After persistently avoiding a career in public education, Mollie Dickson could no longer deny her calling. Now with a Masters in Teaching from Lewis and Clark College, she’s sharing her experiences during her first years in the classroom. As she says, the challenges are tougher, the hours longer, the relationships stronger, and the rewards far greater than she has imagined. She’s thrilled to be living and breathing her passion every day—making a difference in the lives of kids. She hopes that her stories will offer inspiration and insights into the world of teaching, and invites everyone to engage: “Be honest. Be bold. Listen with a spirit of inquiry. Push the edge. Together, let’s discover a deeper appreciation and understanding of this work—this joy—that we are so invested in improving.”
“All children are born artists. The problem is to remain artist as we grow up.” ~Picasso
Ken Robinson agrees, “We don’t grow into creativity; we grow out of it. Kids will take a chance. If they don’t know, they’ll have a go. They’re not frightened of being wrong.” But something happens that shuts down this inherent spark. Robinson claims the classroom is to blame for crushing creativity saying, “We are now running national education where mistakes are the worst things you can make.” Listening to his bold interpretations, I cannot help but nod along with his words. Because yes, a magical quality exists within children—the willingness to try, to step into the unknown, to create from scratch—that allows creativity to thrive, and yet somehow, somewhere, it disappears.
Too many classrooms suck the creative spark out of children—suffocating with standards and structure, judging on numbers and ranking with letters—merely equipping students with the tools necessary to obtain the “correct” answer using minimal time, effort, and resources. While this may be optimal for industry—high accuracy and efficiency—it’s far from preparing students for who they can be: innovative, collaborative, authentic, critical-thinking intellectuals and creators.
But the story doesn’t end here, for the crushing of creativity is not confined to classroom walls. No. It’s contagious and running rampant throughout all levels of education in America. Teachers, administrators, board members, union representatives, educational leaders… we all face that fear of making a mistake, which drives us to choose the shortest, simplest, most familiar, most likely to be “right” route. We do what’s been done before—because it’s safe. (more…)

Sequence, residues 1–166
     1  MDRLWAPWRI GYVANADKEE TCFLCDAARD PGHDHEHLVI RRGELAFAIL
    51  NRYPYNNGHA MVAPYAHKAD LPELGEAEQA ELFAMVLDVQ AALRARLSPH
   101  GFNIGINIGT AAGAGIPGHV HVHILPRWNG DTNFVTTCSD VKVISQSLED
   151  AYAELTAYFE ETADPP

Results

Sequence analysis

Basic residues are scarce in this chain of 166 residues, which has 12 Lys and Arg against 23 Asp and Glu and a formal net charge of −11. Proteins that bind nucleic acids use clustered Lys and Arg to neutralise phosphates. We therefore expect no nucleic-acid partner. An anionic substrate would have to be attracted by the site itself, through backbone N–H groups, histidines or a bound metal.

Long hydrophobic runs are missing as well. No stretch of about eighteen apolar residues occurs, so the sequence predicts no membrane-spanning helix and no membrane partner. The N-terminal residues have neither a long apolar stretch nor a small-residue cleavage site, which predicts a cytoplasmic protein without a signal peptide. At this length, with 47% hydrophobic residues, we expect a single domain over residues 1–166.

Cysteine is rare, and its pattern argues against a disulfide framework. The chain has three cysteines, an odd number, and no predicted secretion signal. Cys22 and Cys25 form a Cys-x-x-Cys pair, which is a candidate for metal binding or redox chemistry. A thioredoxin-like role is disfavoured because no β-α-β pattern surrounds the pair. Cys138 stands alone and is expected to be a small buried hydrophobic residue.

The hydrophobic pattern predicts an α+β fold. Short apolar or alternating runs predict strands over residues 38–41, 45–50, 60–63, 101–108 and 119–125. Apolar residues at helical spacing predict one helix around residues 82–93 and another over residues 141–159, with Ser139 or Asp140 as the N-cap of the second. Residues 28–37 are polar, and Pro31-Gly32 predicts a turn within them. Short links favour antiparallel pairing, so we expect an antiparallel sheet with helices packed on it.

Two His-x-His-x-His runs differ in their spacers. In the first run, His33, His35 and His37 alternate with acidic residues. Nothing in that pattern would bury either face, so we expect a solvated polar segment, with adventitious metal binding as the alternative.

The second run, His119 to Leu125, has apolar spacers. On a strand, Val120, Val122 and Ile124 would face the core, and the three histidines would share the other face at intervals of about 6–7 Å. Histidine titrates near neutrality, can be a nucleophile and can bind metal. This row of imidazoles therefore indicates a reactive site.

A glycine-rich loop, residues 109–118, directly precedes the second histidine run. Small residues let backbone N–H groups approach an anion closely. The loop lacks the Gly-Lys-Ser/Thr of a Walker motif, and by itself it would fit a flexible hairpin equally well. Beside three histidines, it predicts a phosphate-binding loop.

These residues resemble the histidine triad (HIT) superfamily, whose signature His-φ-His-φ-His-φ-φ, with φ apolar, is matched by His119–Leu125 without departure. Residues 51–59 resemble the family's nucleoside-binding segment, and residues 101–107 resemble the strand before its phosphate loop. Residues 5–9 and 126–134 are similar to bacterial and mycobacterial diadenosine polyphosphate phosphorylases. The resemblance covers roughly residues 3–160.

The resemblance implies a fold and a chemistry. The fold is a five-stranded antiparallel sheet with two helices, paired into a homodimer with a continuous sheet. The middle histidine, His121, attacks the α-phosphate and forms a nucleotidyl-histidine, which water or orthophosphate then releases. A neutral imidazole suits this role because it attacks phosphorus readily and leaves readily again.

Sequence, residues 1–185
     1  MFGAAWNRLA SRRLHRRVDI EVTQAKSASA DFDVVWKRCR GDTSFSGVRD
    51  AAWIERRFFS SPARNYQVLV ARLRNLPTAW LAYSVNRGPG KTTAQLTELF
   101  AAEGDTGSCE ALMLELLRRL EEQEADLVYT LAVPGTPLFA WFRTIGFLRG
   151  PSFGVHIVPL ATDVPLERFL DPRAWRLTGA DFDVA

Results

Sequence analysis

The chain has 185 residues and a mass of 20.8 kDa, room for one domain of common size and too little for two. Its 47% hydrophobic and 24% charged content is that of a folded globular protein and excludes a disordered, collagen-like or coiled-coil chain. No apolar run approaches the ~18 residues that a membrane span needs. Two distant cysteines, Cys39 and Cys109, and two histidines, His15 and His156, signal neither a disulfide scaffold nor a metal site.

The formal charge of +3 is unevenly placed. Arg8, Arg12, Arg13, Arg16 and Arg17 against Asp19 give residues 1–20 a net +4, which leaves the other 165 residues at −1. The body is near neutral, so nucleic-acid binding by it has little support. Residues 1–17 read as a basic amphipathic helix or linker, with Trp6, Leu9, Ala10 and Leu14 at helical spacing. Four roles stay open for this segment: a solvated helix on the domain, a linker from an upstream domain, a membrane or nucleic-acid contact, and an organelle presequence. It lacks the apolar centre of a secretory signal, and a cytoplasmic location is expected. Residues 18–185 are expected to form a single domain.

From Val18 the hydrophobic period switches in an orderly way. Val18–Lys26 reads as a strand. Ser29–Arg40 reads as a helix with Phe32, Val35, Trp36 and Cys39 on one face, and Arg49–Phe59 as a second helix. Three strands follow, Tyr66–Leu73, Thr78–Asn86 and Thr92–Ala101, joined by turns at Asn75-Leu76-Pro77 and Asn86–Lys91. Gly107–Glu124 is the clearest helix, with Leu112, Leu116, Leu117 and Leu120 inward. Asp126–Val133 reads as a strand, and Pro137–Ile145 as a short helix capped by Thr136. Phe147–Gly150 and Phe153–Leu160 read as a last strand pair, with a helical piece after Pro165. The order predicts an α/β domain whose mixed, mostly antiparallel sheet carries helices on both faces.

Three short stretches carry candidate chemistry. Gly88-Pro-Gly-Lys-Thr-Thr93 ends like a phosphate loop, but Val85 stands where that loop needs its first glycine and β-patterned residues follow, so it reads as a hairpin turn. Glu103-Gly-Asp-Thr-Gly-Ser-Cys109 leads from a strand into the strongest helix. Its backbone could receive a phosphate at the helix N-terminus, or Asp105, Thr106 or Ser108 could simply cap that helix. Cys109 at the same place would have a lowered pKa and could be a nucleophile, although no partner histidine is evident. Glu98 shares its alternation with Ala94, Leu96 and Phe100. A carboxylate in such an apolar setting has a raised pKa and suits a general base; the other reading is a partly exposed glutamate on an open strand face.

Last night I had the opportunity to represent first-year teachers on a panel at Lewis and Clark College. I told stories to capture my year of challenges and celebrations; I spoke to what inspires and sustains us in doing this meaningful work; and I shared with them my greatest piece of advice: listen to your students.
7th period yesterday, I told my kids I was going to be talking with a group of aspiring teachers, and because I valued their input, I asked them to jot down two things: one piece of advice they would like to share with a new Language Arts teacher and what they feel is the best thing about our Writer’s Workshop. I collected their words of wisdom, quickly typed them out (not changing a word!), and distributed these to the very grateful MAT students. (more…)
“When I say pencil, you say pushers. Pencil.”
And with 32 voices booming our chant, class begins.
You see, I began last week with an inspirational “pump-up” speech as a way to introduce the upcoming state writing assessment—a weeklong test that is often an exhausting effort with little incentive to perform to one’s potential. Yet the stakes are high, so I needed something to strike their spirit, to beckon their best, to bring this “test” to life, to awaken a purpose beyond a numerical score that’s to be filed away for the school’s statistics. That something leaped out of my mouth Monday morning, unplanned and uninhibited. I looked my students in the eyes, as I described our present circumstance in a language they could grasp: sports. (more…)
Okay, I hit it. That breaking point I keep hearing teachers talk about. The questions—What was I thinking? Am I really going to do this all over again next year? What other options do I have?—streaming on repeat through my mind. Panicked. Desperate for a way out. Because it’s just too much. Too high stress, too little support, too many grades, too long planning, too many classes, too many “shhhs”, and far too few hours to sleep each night. I thought I wouldn’t catch this bug, but here it is: just 5 months in, and I’m ready to run! (more…)
7:00 AM. I unlock my classroom, sit down at my desk, and pull out my stationary. Before checking my email, before sifting through papers, before twisting open the thermos lid to sip my sweet morning caffeine, I write a letter:
I want to let you know that you’ve been on my mind a lot this week.